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Newspapers on sale in a shop in London, Britain, February 4, 2018. (REUTERS/Peter Nicholls)
Newspapers on sale in a shop in London, Britain, February 4, 2018. (REUTERS/Peter Nicholls)


The Week in Women: Which editor-in-chief counterpunched a critic who said she ‘feminized’ news?

By Will Doig on April 3, 2019

“A woman’s wisdom comes from the great juggle of her life. Until recently, that kind of wisdom was banished to folkways or deprecated as secondary. But as women step into their new roles, the value of that wisdom is beginning to emerge in unexpected ways.”

So writes Tina Brown, founder of Women in the World, in a new op-ed for the New York Times on how leaders like Jacinda Ardern, Nancy Pelosi, and Stacey Abrams are offering an alternative to masculine mayhem.

Brown will lead next week’s 10th annual Women in the World Summit in New York City, welcoming Oprah Winfrey, Brie Larson, Stacey Abrams, Priyanka Chopra Jonas, Bryan Cranston, and many, many more. Only a few seats remain, so get yours today.

New York’s fearless Attorney General Letitia James just filed the most comprehensive lawsuit in American history against the big-money drug manufacturers behind the opioid crisis.

The state’s first woman A.G. saved space in her announcement to directly call out the billionaire Sackler family, saying they profited off the suffering [and] death of New Yorkers” by continuing to aggressively market OxyContin — even as 130 Americans die each day from overdosing on opioids.

James was surely buoyed by last week’s news from Oklahoma, where the Sacklers agreed to pay $270 million to settle a lawsuit — and avoid a televised trial — over their role in the opioid crisis. At last year’s Women in the World Summit, Janis McGrory shared just how powerless opioid addiction leaves parents, telling a hushed audience: “My only option to save my daughter was to throw her in jail.”

After a rival publication suggested Britain’s Guardian newspaper had been overly “feminized” by its first female editor-in-chief, they received an unexpected letter from that very same editor.

“I wonder what he means by “feminized?” Katherine Viner, the only woman currently helming a major British newspaper, wrote to the New Statesman. She then went on to wonder: If he means forcing a cabinet minister to resign, delivering record numbers of readers, exposing the Cambridge Analytica scandal, being nominated for an Oscar, and breaking even financially for the first time since the 1990s, “then perhaps being ‘feminized’ isn’t so bad?”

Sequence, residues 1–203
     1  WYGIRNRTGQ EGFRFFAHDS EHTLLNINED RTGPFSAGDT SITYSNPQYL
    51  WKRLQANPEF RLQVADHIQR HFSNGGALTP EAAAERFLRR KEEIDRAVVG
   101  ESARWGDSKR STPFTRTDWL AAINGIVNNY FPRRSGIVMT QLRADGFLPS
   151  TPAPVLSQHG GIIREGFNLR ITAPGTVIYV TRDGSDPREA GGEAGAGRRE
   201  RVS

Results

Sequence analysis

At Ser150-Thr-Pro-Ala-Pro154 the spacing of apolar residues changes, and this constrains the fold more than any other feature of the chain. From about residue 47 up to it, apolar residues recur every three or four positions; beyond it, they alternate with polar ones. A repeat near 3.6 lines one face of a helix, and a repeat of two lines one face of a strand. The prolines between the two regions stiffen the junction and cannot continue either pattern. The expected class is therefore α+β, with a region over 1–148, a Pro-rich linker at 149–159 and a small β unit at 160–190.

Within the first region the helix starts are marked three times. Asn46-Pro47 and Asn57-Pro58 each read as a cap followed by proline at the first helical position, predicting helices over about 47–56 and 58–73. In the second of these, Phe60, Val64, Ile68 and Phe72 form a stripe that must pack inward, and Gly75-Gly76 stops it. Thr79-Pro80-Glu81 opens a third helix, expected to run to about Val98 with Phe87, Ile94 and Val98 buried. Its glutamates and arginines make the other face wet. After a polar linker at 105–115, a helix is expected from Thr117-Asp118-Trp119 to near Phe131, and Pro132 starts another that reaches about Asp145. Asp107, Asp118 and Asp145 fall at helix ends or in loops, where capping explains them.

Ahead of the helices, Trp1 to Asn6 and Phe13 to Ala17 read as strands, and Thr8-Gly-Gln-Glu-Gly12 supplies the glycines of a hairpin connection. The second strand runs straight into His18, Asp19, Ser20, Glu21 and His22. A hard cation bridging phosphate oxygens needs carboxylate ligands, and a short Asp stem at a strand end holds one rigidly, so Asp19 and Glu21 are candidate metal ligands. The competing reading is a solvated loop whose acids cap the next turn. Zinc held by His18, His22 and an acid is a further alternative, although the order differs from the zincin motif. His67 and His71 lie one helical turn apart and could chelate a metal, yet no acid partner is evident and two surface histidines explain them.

The Western media implied this week that things were looking up for three Saudi women’s rights activists after they were freed from prison. The truth is much less rosy.

The women have only been freed temporarily, and worse, their trial has brought to light disturbing new claims of torture and abuse. Plus, news outlets have received leaked medical reports from the prison that describe “malnutrition, cuts, bruises, and burns” on the bodies of the women still awaiting trial.

Saudi activist Manal Al-Sharif knows this oppression all too well. She defied the ban on women driving in Saudi Arabia in 2011, and has been forced to live in exile ever since. Al-Sharif will appear at next week’s Women in the World Summit to discuss “Saudi’s War on Women” along with filmmaker and journalist Safa Al-Ahmad.

Elizabeth Warren’s presidential campaign is fretting over finances after the senator made a “no big donors” pledge — and then came up short on small donations.

One can’t help but feel that the bros are flexing their financial muscle yet again. While Bernie and Beto bragged about receiving $6 million each in their first 24 hours as candidates, Warren took in about $300,000 after she announced. 

That wasn’t the senator’s only headache. After her finance director quit, she had to listen to the news that Pete Buttigieg, the mayor of a small Indiana city, had also joined the multi-million-dollar men’s club, raising $7 million in grassroots donations before even confirming his candidacy. 

An unsavory cadre of far-right politicians, anti-abortion activists, and Putin-affiliated Russian power brokers gathered in Italy for a conference with a mission to roll back women’s rights.

Senators Susan Collins and Dianne Feinstein have put forward a bill to create a Smithsonian Women’s History Museum.

“I f***ing better!”
was the unequivocal response from Veep star Julia Louis-Dreyfus when asked whether she’ll see a female president in her lifetime.


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